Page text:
Thermus thermophilus; thermophage; phage promoters; RNA polymerase; RNAP-binding proteins
Microcin C (McC), a natural antibacterial compound consisting of a heptapeptide attached to a modified adenosine, is actively taken up by the YejABEF transporter, after which it is processed by cellular aminopeptidases, releasing the nonhydrolyzable aminoacyl adenylate, an inhibitor of aspartyl-tRNA synthetase. McC analogues with variable length of the peptide moiety were synthesized and evaluated in order to characterize the substrate preferences of the YejABEF transporter. It was shown that a minimal peptide chain length of 6 amino acids and the presence of an N-terminal formyl-methionyl-arginyl sequence are required for transport.
All sequenced genomes of representatives of the Francisella genus contain two rpoA genes, which encode non-identical RNA polymerase (RNAP) subunits, α1 and α2. In all other bacteria studied to date, a dimer of identical α subunits initiates the assembly of the catalytically proficient RNAP core (subunit composition α2ββ'). Based on an observation that both α1 and α2 are incorporated into Francisella RNAP, Charity et al. (2007) previously suggested that up to four different species of RNAP core enzyme might form in the same Francisella cell.
By in vitro assembly from fully denatured state, we determined that both Francisella α subunits are required for efficient dimerization; no homodimer formation was detected. Bacterial two-hybrid system analysis likewise indicated strong interactions between the α1 and α2 N-terminal domains (NTDs, responsible for dimerization). NTDs of α2 did not interact detectably, while weak interaction between α1 NTDs was observed. This weak homotypic interaction may explain low-level transcription activity observed in in vitro RNAP reconstitution reactions containing Francisella large subunits (β', β) and α1. No activity was observed with RNAP reconstitution reactions containing α2, while robust transcription activity was detected in reactions containing α1 and α2. Phylogenetic analysis based on RpoA resulted in a tree compatible with standard bacterial taxonomy with both Francisella RpoA branches positioned within γ-proteobacteria. The observed phylogeny and analysis of constrained trees are compatible with Francisella lineage-specific rpoA duplication followed by acceleration of evolutionary rate and subfunctionalization.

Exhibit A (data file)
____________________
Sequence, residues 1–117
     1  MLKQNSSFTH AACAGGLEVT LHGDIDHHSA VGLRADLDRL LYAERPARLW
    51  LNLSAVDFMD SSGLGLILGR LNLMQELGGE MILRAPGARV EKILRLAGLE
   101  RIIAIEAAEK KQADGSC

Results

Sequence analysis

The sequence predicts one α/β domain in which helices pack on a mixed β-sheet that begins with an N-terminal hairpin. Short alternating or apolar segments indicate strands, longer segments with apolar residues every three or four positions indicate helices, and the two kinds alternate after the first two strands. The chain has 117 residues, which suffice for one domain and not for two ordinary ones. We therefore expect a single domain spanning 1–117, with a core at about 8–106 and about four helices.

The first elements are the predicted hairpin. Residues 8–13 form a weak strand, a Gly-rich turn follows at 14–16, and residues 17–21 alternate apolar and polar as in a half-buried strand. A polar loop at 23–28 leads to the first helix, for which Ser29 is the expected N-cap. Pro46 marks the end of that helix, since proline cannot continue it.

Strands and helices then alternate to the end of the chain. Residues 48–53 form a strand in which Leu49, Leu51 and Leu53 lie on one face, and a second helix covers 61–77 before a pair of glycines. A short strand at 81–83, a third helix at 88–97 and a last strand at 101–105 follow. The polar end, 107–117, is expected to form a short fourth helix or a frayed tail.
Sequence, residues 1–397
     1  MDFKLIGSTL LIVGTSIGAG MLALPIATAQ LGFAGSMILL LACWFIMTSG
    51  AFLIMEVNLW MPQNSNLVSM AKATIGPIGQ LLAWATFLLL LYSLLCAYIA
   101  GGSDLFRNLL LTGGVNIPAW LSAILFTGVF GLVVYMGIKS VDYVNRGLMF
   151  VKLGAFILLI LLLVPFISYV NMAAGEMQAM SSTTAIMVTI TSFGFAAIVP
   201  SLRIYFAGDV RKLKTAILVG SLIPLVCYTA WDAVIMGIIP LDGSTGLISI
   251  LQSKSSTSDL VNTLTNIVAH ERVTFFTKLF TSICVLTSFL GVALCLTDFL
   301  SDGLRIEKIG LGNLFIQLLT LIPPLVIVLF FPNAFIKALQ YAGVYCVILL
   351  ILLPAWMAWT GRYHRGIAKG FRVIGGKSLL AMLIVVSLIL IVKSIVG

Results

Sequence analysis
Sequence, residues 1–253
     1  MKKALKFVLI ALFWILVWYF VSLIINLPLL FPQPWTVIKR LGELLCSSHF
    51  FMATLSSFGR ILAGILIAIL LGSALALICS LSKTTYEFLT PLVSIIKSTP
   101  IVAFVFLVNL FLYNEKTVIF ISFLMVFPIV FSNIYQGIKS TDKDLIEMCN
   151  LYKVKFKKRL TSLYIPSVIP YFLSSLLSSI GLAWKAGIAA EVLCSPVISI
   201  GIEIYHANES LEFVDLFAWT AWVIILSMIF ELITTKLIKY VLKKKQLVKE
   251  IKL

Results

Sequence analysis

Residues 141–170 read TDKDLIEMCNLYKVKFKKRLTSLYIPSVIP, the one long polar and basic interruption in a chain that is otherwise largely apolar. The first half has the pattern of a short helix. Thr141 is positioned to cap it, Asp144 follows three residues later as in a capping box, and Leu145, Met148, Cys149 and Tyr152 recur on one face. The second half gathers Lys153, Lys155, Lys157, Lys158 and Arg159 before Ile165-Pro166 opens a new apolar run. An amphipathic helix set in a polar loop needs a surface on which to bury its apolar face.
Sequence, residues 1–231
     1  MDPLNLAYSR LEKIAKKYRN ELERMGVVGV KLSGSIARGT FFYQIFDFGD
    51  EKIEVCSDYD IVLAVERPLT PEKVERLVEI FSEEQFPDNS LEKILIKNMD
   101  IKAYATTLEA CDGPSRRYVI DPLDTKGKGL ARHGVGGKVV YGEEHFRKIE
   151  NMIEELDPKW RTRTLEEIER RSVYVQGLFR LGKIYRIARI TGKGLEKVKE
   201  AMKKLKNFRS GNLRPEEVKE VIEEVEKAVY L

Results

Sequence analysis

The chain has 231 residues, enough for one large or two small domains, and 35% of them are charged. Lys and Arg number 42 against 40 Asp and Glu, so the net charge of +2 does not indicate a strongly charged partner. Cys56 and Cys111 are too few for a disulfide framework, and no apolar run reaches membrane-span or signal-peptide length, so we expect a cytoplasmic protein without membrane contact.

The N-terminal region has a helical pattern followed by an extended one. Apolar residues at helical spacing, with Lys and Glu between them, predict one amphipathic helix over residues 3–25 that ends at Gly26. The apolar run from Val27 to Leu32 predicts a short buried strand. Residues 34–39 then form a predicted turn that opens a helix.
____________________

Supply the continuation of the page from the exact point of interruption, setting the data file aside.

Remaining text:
The results strongly suggest that most Francisella RNAP contains α heterodimer with a minor subfraction possibly containing α1 homodimer. Comparative sequence analysis suggests that this heterodimer is oriented, in a sense that only one monomer, α1, interacts with the β subunit during the α2β RNAP subassembly formation. Most likely the two rpoA copies in Francisella have emerged through a lineage-specific duplication followed by subfunctionalization of interacting paralogs.
The success of a phage that infects a bacterial cell possessing a restriction-modification (R-M) system depends on the activities of the host methyltransferase and restriction endonuclease, and the number of susceptible sites in the phage genome. However, there is no model describing this dependency and linking it to observable parameters such as the fraction of surviving cells under excess phage, or probability of plating at low amount of phages. We model the phage infection of a cell with a R-M system as a pure birth process with a killing state. We calculate the transitional probabilities and the stationary distribution for this process. We generalize the model developed for a single cell to the case of multiple identical cells invaded by a Poisson-distributed number of phages. The R-M enzyme activities are assumed to be constant, time-dependent, or random. The obtained results are used to estimate the ratio of the methyltransferase and endonuclease activities from the observed fraction of surviving cells.
Enzyme activities ratio; pure birth process with killing; restriction endonuclease; methyltransferase